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What do the police look for to warrant a DUI stop?

Unless you are going through a DUI checkpoint, officers must have a reason to pull you over and administer a field sobriety test. While most people may associate weaving or crossing over the lane lines as a sign of an impaired driver, there are also other behaviors police officers are looking for. Knowing what these signs are can help defendants better understand if the officer had enough evidence to warrant the traffic stop in the first place.

Before an officer pulls you over, he or she will be observing the car while it is moving. In many cases, the officer will be driving behind the vehicle to be able to better determine any erratic driving patterns. These may include risky driving behaviors, such as cutting people off or not ensuring an assured clear distance ahead, braking in unnecessary places or coming to a complete stop for no reason. Driving too slowly can also be a sign of an impaired driver who is concentrating or trying to avoid getting pulled over for speeding.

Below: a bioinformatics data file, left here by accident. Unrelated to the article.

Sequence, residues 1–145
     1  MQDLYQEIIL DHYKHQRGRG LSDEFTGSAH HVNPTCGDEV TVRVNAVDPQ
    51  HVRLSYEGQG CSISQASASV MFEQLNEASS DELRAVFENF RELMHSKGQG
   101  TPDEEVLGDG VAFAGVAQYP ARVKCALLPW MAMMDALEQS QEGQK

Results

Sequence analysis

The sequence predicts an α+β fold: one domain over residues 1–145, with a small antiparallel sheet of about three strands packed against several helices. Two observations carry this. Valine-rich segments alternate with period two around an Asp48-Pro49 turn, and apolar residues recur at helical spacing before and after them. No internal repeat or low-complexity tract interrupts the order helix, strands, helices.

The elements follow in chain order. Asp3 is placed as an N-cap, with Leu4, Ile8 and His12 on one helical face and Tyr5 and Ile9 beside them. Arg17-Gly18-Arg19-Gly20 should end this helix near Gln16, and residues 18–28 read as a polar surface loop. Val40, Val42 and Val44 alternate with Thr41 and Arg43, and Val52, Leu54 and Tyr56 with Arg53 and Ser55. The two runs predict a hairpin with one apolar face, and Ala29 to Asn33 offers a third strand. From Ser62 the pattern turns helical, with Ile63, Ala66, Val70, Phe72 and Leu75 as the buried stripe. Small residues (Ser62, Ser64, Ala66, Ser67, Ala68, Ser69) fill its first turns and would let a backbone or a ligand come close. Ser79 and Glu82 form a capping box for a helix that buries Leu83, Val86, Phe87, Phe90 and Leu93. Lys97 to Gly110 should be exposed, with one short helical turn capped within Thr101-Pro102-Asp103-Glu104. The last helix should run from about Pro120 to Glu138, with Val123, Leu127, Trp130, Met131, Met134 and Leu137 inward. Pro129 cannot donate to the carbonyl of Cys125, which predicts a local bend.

Once the officer pulls you over, he or she will then be watching for signs of impairment during interactions with you. Slurred speech, immediately beginning to smoke or chew gum to mask the smell of alcohol, open containers and bloodshot eyes are all potential indicators of an impaired driver.

If the officer believes there is enough evidence to suspect you of driving under the influence, you will likely be asked to step out of the car for a field sobriety test, which can include balance tests or a Breathalyzer. Failing any of these tests will result in a DUI arrest, and the officer will take you back to the police station for booking.

Source: Ohio State Bar Association, "Police Identify Drunk Drivers through Signs of Impairment," accessed April. 16, 2015

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